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Is it possible to do something like what /etc/hosts does for one computer, for all computers on a local network?

I'm using a D-Link DIR-655 B1. If necessary I'd be fine installing new firmware, but I'm having a hard time finding documentation about this kind of thing-- Google really wants to tell me how to set up Dynamic DNS, which I've already got running.

In case it matters: I've got a media server on a static IP on my LAN, and I'd like to be able to tell guests "go to carsonella.local" instead of "go to 192.168.0.32", since that freaks people out.

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Unfortunately, there is no open source software for it because it uses the Ubicom IP5160. You're stuck with the factory firmware. –  David Schwartz Mar 11 '12 at 3:18
    
What is up with the downvotes with no comments? –  quodlibetor Mar 11 '12 at 13:49
    
Oh now I get it. –  quodlibetor Mar 12 '12 at 2:38
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closed as off topic by MDMarra, EEAA, SvW, Chris S Mar 11 '12 at 14:50

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1 Answer

Yes, you can do this. It's called DNS. Set up a DNS server in your LAN and configure your client machines to use it.

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This would require me to ask my guests to modify their network settings and use my DNS server instead of the one assigned by DHCP? I would probably do this with the server that I'm using to host media, so unless I'm misunderstanding you, I would go from telling people "Check out my music, go to 192.168.0.32" to "Check out my music, go to (OS-dependent settings screen) and use 192.168.0.32 as your DNS server, okay, now go to carsonella.local". Also: I use "DNS" in my question title, AND it's tagged "dns", don't you think I know what it is? I'm asking for specific help with my situation. –  quodlibetor Mar 11 '12 at 1:18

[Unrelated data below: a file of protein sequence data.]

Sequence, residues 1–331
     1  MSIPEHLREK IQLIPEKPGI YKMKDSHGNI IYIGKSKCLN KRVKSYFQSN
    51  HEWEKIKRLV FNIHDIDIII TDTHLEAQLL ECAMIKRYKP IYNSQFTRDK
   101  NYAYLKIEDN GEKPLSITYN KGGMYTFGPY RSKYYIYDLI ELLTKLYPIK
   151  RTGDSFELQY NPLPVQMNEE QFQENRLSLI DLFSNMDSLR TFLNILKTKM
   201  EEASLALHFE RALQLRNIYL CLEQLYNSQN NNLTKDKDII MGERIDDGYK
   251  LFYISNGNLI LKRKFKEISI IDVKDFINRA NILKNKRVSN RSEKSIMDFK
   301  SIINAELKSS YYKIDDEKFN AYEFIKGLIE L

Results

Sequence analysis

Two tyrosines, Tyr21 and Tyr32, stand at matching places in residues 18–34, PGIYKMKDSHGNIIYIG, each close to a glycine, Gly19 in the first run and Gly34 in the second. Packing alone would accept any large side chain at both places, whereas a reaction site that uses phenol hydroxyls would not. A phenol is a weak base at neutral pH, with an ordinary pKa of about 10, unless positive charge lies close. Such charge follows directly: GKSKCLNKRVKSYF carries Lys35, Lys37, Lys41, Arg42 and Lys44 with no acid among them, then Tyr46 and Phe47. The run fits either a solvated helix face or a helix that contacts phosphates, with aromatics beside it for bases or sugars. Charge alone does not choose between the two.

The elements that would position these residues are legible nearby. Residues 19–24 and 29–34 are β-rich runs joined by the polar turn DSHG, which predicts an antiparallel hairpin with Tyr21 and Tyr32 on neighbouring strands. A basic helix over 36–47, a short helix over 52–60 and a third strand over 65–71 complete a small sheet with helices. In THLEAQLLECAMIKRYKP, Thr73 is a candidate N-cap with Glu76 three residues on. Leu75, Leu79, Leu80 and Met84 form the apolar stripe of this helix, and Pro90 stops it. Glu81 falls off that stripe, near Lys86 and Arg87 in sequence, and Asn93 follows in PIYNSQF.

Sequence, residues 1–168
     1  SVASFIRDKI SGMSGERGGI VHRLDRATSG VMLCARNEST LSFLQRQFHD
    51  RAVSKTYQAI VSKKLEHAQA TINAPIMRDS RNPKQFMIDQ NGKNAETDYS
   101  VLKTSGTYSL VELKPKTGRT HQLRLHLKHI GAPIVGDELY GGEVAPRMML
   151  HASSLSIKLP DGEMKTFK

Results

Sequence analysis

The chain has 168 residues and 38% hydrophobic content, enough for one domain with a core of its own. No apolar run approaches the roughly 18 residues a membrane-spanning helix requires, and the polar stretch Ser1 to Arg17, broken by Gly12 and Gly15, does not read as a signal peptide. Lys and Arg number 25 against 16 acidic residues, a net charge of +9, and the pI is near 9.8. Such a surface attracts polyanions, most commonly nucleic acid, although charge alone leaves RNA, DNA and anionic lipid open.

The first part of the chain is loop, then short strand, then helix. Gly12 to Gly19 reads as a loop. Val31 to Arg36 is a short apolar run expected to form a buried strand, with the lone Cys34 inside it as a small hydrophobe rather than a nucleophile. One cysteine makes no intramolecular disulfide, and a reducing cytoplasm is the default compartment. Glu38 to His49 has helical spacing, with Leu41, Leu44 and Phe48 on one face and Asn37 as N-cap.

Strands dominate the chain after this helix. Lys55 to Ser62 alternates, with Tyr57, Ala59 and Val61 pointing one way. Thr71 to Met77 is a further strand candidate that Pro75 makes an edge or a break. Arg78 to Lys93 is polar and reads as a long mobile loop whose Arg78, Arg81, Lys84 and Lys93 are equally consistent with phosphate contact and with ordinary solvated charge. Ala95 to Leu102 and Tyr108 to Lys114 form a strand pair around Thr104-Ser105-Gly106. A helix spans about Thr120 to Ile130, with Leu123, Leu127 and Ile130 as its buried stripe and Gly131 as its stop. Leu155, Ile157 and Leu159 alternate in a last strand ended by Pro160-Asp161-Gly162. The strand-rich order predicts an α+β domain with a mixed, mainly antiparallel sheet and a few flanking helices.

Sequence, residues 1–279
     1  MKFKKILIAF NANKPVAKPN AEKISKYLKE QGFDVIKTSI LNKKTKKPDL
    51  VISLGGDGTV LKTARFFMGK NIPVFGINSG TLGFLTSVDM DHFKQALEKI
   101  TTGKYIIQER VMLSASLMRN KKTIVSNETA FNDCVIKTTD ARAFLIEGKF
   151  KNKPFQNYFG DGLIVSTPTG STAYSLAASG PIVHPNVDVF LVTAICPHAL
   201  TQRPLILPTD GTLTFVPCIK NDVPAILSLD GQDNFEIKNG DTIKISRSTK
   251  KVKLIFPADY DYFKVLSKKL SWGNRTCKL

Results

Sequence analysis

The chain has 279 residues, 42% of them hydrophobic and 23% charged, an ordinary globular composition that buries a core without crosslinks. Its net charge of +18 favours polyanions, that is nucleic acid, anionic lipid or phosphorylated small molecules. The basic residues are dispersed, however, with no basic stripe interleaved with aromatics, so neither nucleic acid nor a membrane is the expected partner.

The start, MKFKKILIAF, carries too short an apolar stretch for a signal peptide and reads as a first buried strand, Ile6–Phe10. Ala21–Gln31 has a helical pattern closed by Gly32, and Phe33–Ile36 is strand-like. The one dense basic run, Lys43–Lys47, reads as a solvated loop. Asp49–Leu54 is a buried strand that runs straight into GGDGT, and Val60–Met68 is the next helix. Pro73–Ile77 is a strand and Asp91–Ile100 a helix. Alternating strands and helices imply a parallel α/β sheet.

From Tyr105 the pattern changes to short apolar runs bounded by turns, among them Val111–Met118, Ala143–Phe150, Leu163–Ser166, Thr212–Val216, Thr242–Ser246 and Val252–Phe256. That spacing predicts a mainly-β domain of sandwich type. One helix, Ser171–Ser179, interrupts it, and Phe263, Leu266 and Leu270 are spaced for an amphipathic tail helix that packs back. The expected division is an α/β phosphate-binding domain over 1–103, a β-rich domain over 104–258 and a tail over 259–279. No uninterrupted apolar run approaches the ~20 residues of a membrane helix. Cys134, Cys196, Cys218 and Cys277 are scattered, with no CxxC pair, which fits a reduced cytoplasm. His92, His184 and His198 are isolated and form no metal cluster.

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Don't be mad at me because you don't have a fundamental understanding of how DNS and DHCP work. You can configure DHCP to assign whatever DNS server you want to the clients. Have it assign the one that you set up internally. You asked a poor question. I answered it. Google and entry level SA books are your friend. –  MDMarra Mar 11 '12 at 1:22
    
I wasn't mad at you because I don't understand how things work, I was pointing out that your answer of "Use DNS and configure your clients to use it" is obviously not helpful to someone who uses "DNS" three places in their question, two of them very prominent. I've heard of DNS, I've configured DDNS, I understand the relationship between DHCP and DNS, I explicitly asked how to configure my network's DNS they way I want it, and I'd spent nearly an hour googling my situation. –  quodlibetor Mar 11 '12 at 14:02
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We're a site for IT professionals. It says so in the very first line of the faq. We assume that you are capable of basic tasks. If you were to ask something like "How do I create a zone in BIND for internal lookups?" you might get a detailed answer. Just saying "I have this gear, solve my problem." isn't going to get you anywhere, especially considering the solution to your question should be painfully obvious to any professional Systems Administrator. –  MDMarra Mar 11 '12 at 14:37
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You don't "override some names". That's not how that works. Those names are resolved somehow, whether it's NetBIOS, Bonjour, DNS, WINS, etc. if you want clients to resolve something that's fully-qualified without using the hosts file, you must use DNS. You can't selectively say "use one method for this server and another for that server". I think the disconnect between us is that you are either asking for something that doesn't exist, or you don't understand how name resolution works. Either way, the complete and correct answer is "Use DNS internally" –  MDMarra Mar 11 '12 at 15:29
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